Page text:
Dr. King in St. Augustine

by Josue Cruz // photos via Florida Memory

Twenty days before the signing of the Civil Rights Acts of 1964 by President Lyndon Johnson, Northeast Florida was rumbling with tension and turmoil. Down in St. Augustine, nightly protest marches by activists seeking to desegregate the Ancient City were being met by Klu Klux Klan opposition. The clashes, at times violent, were a daily discussion of then Florida Governor Farris Bryant. He began to receive phone calls from President Johnson, requesting both information and that the governor take control of the situation.

Dr. Martin Luther King, Jr., was also sending letters to President Johnson concerning the same occurrences. King had arrived in St. Augustine on June 9, 1964, with the intent of desegregating St. Augustine once and for all, even if it meant, and perhaps hoping, that he would be arrested. “This is the beginning of an all-out push to make St. Augustine a desegregated city,” King said to a crowd. “We are determined to see this city desegregated before next year’s quadricentennial celebration.”

The letters from King to President Johnson were of an “enough-is-enough” tonality, knowing that the Civil Rights Act was in play and close to landing on the President’s desk.

St. Augustine was on the eve of its quadricentennial celebration and the Southern Christian Leadership Conference (SCLC) saw this an opportunity to make a major push for civil rights equality. The Old Slave Market, the city center today known as Plaza de la Constitución, would be ground zero for an end to discriminatory practices, endorsed or ignored by government officials up to that point.

Prior to King’s arrival, he and other leaders of the SCLC had learned that law enforcement officials in St. Augustine had been sweeping up protesters and activists and holding them in outdoor compound “sweatboxes,” which in the Florida June heat was akin to torture.

Early in the morning of King’s arrival into Northeast Florida, a local district judge had lifted bans on the nightly protests and ordered that no protester arrested could be placed in the outdoor sweatboxes, saying they demonstrated “more than cruel and unusual punishment” and were “deliberately contrived to break men physically and mentally.” Still, local law enforcement officials continued to do so, citing over-crowded jails, since the judge had not made it illegal to arrest activists and protesters.

The sit-ins, pray-ins and marches were reaching a feverish pace, no longer relegated to nights. All around St. Augustine, activists entered segregated hotels, restaurants, beaches and swimming pools to get a foothold on the national media attention that accompanied President Johnson’s attention. The span of a few days raised the temperature of the civil rights conversation to a boil, and King saw the opportunity to cause the boil-over—which he hoped would lead to subsequent actions by President Johnson.

Close to lunchtime on Thursday, June 11, King gathered a crew of demonstrators, camera crews and reporters and set a path to enter the Monson Motor Lodge restaurant. Alongside Rev. Ralph Abernathy and Rev. Robert England, 17 demonstrators respectfully requested to be served a meal, some sitting at tables, others seated at the quick-serve counter. The restaurant’s manager quickly refused service and asked the hungry protesters to leave. King was the first to refuse to leave and resubmitted his request.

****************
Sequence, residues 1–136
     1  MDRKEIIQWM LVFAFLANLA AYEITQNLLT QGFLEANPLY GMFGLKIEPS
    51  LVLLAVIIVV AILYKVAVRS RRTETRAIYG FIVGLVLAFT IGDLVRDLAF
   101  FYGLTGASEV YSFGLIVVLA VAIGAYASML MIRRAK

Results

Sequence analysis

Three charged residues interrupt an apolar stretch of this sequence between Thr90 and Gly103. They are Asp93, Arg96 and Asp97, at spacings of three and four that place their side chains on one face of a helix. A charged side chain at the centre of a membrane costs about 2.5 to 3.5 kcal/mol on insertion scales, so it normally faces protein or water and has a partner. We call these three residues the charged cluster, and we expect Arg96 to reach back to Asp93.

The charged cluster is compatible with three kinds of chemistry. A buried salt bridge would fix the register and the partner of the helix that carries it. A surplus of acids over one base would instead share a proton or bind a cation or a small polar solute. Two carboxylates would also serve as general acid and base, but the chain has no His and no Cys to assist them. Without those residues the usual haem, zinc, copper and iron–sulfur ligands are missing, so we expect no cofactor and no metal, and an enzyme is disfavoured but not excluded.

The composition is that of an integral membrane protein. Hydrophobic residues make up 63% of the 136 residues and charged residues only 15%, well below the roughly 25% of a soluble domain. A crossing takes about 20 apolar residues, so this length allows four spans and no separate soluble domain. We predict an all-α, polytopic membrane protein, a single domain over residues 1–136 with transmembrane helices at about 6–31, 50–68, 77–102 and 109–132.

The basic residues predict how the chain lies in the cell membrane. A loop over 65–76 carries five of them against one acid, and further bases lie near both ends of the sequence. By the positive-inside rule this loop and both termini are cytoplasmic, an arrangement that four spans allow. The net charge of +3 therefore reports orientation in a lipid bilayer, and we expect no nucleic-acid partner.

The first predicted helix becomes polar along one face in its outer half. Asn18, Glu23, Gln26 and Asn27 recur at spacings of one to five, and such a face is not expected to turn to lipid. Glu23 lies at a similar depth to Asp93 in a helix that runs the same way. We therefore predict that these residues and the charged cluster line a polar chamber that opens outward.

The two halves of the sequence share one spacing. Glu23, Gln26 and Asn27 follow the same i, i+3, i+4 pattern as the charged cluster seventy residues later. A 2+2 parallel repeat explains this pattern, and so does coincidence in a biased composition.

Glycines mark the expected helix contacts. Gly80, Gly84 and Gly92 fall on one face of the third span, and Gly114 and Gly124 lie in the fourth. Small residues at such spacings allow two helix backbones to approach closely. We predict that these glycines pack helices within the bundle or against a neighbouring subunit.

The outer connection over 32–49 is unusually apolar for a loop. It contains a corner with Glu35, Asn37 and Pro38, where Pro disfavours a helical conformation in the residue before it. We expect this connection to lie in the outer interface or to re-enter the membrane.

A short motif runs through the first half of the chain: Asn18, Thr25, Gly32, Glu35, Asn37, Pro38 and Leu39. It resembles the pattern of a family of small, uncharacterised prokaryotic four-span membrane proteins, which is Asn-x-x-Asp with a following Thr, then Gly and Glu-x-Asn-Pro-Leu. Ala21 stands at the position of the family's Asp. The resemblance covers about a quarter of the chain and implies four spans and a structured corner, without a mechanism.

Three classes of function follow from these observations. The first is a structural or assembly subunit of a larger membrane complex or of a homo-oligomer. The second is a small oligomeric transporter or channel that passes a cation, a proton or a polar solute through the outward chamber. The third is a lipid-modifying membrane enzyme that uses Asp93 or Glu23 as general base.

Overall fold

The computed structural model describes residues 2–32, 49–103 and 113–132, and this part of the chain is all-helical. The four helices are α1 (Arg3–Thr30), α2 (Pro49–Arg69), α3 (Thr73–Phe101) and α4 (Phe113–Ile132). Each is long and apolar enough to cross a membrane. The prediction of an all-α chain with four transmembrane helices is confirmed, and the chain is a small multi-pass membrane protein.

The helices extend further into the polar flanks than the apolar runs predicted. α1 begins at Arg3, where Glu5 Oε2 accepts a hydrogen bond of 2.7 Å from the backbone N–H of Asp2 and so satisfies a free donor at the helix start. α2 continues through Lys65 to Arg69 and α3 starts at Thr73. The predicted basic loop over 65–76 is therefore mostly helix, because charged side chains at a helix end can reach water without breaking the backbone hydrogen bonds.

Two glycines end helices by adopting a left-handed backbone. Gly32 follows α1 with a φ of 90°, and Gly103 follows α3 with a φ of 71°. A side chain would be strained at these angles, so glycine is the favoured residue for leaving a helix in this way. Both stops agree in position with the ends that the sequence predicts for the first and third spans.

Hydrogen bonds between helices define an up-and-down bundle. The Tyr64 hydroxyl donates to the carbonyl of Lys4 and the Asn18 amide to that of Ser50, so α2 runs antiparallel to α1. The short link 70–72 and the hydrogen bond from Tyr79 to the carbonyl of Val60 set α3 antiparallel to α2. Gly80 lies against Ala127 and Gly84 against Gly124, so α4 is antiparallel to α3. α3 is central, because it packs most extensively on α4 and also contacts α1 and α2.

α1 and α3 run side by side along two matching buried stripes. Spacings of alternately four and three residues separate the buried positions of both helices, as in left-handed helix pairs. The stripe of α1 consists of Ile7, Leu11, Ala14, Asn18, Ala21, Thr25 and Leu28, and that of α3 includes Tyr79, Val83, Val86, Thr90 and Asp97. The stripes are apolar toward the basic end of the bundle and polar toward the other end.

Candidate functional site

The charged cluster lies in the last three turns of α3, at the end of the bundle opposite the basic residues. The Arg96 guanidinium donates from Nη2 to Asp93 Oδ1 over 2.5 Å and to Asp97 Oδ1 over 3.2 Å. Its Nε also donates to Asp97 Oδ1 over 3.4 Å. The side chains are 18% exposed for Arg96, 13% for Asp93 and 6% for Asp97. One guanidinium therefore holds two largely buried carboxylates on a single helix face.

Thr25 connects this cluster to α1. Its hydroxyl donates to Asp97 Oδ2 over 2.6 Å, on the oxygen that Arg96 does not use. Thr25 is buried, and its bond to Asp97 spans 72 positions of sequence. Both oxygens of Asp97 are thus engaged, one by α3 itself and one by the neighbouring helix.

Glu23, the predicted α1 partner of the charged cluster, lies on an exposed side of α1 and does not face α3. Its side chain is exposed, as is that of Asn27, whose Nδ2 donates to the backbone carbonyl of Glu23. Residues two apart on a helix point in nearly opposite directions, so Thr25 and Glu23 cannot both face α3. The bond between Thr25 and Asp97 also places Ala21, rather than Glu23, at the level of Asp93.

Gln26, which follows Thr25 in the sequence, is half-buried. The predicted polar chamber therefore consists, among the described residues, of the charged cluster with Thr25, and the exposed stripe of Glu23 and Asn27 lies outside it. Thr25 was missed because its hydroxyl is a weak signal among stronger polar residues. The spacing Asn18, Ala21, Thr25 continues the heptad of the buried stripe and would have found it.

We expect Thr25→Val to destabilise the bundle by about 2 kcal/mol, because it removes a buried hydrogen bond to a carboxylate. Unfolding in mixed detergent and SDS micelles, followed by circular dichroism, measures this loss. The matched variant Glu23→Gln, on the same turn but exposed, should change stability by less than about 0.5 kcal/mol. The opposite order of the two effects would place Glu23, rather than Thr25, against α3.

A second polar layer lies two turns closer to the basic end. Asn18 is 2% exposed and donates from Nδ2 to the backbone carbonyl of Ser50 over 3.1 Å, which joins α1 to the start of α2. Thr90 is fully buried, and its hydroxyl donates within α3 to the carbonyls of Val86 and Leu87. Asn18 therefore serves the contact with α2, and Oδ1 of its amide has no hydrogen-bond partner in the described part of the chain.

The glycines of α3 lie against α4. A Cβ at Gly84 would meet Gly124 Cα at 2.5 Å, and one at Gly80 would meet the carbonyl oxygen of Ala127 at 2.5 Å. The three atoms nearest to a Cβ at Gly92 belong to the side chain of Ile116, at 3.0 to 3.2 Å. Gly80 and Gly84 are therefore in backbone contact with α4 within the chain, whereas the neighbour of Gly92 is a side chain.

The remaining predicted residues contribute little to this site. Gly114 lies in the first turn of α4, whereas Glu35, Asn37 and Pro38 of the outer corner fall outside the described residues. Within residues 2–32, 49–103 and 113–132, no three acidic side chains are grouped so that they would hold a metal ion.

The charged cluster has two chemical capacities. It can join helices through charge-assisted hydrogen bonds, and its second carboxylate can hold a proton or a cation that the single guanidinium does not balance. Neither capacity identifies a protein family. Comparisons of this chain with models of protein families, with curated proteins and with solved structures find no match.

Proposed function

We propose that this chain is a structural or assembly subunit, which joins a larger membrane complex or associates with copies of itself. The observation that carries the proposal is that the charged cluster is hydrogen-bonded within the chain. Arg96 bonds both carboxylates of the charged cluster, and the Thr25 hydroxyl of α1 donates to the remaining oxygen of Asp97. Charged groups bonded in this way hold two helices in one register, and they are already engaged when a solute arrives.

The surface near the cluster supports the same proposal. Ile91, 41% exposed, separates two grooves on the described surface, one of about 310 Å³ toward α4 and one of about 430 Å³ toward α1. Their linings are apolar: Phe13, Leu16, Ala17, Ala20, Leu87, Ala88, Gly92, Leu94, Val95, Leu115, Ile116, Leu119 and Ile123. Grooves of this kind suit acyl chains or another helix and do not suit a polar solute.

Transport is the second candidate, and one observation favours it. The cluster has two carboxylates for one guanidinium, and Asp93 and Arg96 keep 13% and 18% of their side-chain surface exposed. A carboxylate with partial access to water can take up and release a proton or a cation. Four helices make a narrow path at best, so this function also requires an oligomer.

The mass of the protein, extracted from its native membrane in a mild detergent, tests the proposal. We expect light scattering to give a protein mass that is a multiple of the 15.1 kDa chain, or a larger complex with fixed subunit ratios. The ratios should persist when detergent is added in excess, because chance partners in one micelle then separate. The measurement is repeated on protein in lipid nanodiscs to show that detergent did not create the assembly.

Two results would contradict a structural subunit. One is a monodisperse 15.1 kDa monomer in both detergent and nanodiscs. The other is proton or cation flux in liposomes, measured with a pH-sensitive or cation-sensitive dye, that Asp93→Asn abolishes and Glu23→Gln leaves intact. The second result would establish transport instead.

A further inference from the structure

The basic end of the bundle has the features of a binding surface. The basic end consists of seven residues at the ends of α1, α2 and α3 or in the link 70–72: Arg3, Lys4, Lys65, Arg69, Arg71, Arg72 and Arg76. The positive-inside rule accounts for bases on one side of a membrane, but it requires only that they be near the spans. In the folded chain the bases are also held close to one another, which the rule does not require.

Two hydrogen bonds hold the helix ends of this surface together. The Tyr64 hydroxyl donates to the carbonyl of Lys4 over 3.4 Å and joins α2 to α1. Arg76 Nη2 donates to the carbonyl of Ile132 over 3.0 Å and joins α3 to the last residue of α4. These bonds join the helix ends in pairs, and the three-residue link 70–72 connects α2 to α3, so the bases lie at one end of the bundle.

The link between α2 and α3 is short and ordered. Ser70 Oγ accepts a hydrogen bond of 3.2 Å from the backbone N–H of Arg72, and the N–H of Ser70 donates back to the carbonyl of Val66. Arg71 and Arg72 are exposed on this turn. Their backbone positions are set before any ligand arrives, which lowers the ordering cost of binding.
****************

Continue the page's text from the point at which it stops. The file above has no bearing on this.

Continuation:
The officers, who had also followed the demonstrators into the restaurant, wasted no time in arresting King and the others, taking them to the same overcrowded, non-air-conditioned cells.

Along with the suffocating heat of the evening came death threats to King. Bryant, recognizing the gravity of the situation and receiving pressure from the White House, ordered King and Reverend Abernathy be moved to a Jacksonville jail for safety and comfort. They were transported the few miles north on Saturday, June 13.

King would be shuttled between the Jacksonville jail and the federal courthouse. He had originally been sentenced to 10 days of jail time when he was arrested in St. Augustine. The hearing occurred Monday, June 15. In Jacksonville, he was held in dimly lit solitary confinement, which he mentioned in his brief testimony on the stand. “I’ve been treated all right, but I don’t like solitary confinement,” King said. “I’m in a lonely dark and desolate cell here, cut off from everybody. The light is so dim, I can hardly see.”

The hearing concluded with charges pending. King posted $900 bond and was driven to Jacksonville Imeson Airport before heading north. Less than a week later, he would receive an honorary doctor of law degree from Yale University.

Back in St. Augustine, protests continued. High-profile activists arrived, looking to continue the pressure on President Johnson and the Senate to act and pass the Civil Rights Act. President Johnson signed the document into law on July 2, 1964.

Today, Martin Luther King, Jr. is entrenched in Northeast Florida and Jacksonville’s history and present. Aside from the schools and parkway named in his honor, the city is home to one of the most robust and most visited Martin Luther King Jr. parades, which occurs every year on the national observation of his birthday and in 2018 celebrated its 39th iteration. The city of Jacksonville also commemorates his extraordinary life with a Martin Luther King, Jr. breakfast, now in its 31st year. The breakfast is an opportunity to continue the conversations of inclusiveness and equality that King fought to highlight.

This story was compiled utilizing a variety of sources, including Andrew Morrow, archivist at the Jacksonville Historical Society.